Overall rating: 3.5/5
While the MINI Countryman naturally makes more sense than its oddball Paceman cousin, it's strangely not quite as likeable a car. However, it is absolutely huge inside and the latest mild revisions to the biggest of MINIs should ensure it continues to make up almost a third of all the marque's sales until a properly all-new model arrives in 2016 or 2017.
In the Metal:
The Countryman is popular; almost 33 per cent of MINIs sold globally are the big five-door machines, with more than 350,000 shifted since the model went on sale in 2010. And, given the compromises on space you have to make in the rest of the range (Clubman and Paceman excepted), you understand why it sells so well. Because it's not exactly pretty. It is, in reality, an imposing machine and the minimal changes on this facelifted model hardly transform it into a swan. To recap, it's basically black trim around the light clusters front and rear, and also on the sides of the car, some minor detail changing here and there, a chrome horizontal bar and red 'S' logo in the front grille of both this high-performance model and the diesel-fuelled Cooper SD. There are also some new body colours (such as the Jungle Green car in the pictures), alloy wheel designs and optional LED auxiliary lights to choose from.
What the Countryman must be commended for is interior room. There is no doubt that four proper-sized adults could fit in here, maybe even five at a push, while the boot is a sizeable 350 litres. The rear seats can also be slid forwards and backwards by up to 13cm, depending on what you need in the cargo area, and they move either all together or in a 60:40 split arrangement. Chrome on the ventilation controls and anthracite dials for speedo and tachometer are the visual changes within, while the MINI Connected infotainment system has extra functionality too.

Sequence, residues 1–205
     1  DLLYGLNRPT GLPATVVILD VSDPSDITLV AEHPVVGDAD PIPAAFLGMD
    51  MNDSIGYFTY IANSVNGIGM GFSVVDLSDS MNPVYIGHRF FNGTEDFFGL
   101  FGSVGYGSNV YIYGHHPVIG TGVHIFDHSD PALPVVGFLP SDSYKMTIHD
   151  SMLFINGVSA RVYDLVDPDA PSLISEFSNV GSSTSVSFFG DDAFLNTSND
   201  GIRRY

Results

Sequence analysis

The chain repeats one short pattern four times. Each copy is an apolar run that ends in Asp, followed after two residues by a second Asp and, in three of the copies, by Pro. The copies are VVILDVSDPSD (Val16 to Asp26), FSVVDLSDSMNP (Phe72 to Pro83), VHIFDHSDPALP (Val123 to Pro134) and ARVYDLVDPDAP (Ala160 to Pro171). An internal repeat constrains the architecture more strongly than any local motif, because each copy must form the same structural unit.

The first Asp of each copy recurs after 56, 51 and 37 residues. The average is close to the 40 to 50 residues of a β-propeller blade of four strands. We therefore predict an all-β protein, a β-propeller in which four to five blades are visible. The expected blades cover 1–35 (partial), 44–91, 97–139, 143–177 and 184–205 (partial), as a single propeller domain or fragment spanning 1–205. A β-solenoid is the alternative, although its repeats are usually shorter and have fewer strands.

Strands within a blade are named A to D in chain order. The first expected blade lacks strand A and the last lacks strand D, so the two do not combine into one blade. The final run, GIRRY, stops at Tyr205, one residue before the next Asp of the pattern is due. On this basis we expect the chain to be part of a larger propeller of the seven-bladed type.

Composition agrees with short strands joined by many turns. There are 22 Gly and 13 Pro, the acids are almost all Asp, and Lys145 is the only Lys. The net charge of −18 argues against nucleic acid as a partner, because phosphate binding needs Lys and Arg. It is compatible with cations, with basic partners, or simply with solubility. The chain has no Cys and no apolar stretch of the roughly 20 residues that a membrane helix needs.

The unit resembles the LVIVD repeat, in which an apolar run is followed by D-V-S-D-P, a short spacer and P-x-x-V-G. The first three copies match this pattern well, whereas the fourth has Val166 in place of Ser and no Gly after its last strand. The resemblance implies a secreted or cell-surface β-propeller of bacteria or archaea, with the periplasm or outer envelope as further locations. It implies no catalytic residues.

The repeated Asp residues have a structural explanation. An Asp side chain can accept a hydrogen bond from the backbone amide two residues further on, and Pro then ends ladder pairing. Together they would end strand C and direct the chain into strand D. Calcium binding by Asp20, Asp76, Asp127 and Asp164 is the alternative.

The Cooper S is the model in the range that gets an obvious spec upgrade (it's the same for the Paceman line-up), now boasting an additional 6hp. OK, that's hardly a seismic increase, but the 1.6-litre turbo four doesn't labour under the weight of the Countryman and its lack of aerodynamic prowess. Performance is quick enough, although it feels markedly breathless when venturing beyond 6,000rpm, despite the claim that maximum output is available until 6,500rpm. Better to shift up a little earlier and use the MINI's torque to supplement performance.
It rolls the most of any MINI you'll encounter too, but the ride isn't overly wobbly. Actually, like its Paceman cousin, changes to acoustic damping seem to have blessed the Countryman with a decent level of refinement. It's not quite as smooth as you'd like, though, especially on the standard 17-inch wheels. The Cooper S isn't uncomfortable but there seems to be a bit more bounce to its steady-state cruising than there should be. It might be because the dampers are set up to work at their best with full loads on board, given the car's 'lifestyle' remit, but as MINI claims its suspension is almost identical to the more-comfy Paceman's calibration, we're not sure why the Countryman felt fidgety.
Otherwise, it's as you were - weighty but not massively communicative steering, good brakes, a decent soundtrack, the manufactured overrun pops from the exhaust in Sport mode and understeer-led all-wheel drive grip that's near un-stick-able in the dry with a useful extra amount of traction over a front-wheel drive model in the wet. As for its off-roading capabilities, we weren't given a chance to test them. Fair to middling would be our guess, looking at its sports tyres and only modest ground clearance; perhaps useful at the Ploughing Championships, but not so good in the high Andes.
What you get for your Money:
The Countryman has some tough rivals in the hugely competitive 'fashionista crossover' segment and while it is reasonably well-specified as standard in Cooper S guise, you can still fit plenty of options to it to bump up the list price. MINI will counter with the argument that none of the rival models can perform like the Cooper S Countryman, although Nissan's 200hp Juke Nismo is close enough. Still, the lure of the MINI brand and its predicted strong residuals will tempt enough people into refreshed Countrymans (Countrymen?).
We tested a manual Cooper S Countryman, but you can opt for a six-speed automatic too. Our advice is don't bother. The manual is great and the auto has quite an effect on performance and economy. The 0-100km/h sprint and top speed deficiencies, at 7.8 seconds and 214km/h, aren't that much of an issue on the auto, but the fuel economy drops from a quoted 47.1mpg combined to 41.5mpg, while emissions leap from 139- to 157g/km. That's a shift from tax Band B2 to D, meaning the auto will be €290 a year more to tax than the manual.
A solid showing from the revised MINI Countryman, although the revisions really are quite minimal throughout the range - even the most ardent MINI fan will struggle to spot a new car from a distance, short of checking the year of registration. The Cooper S is a game performer but given the existence of the slightly more focused Paceman, the five-door ALL4 MINI is better served by a diesel engine, as in the 143hp Cooper SD.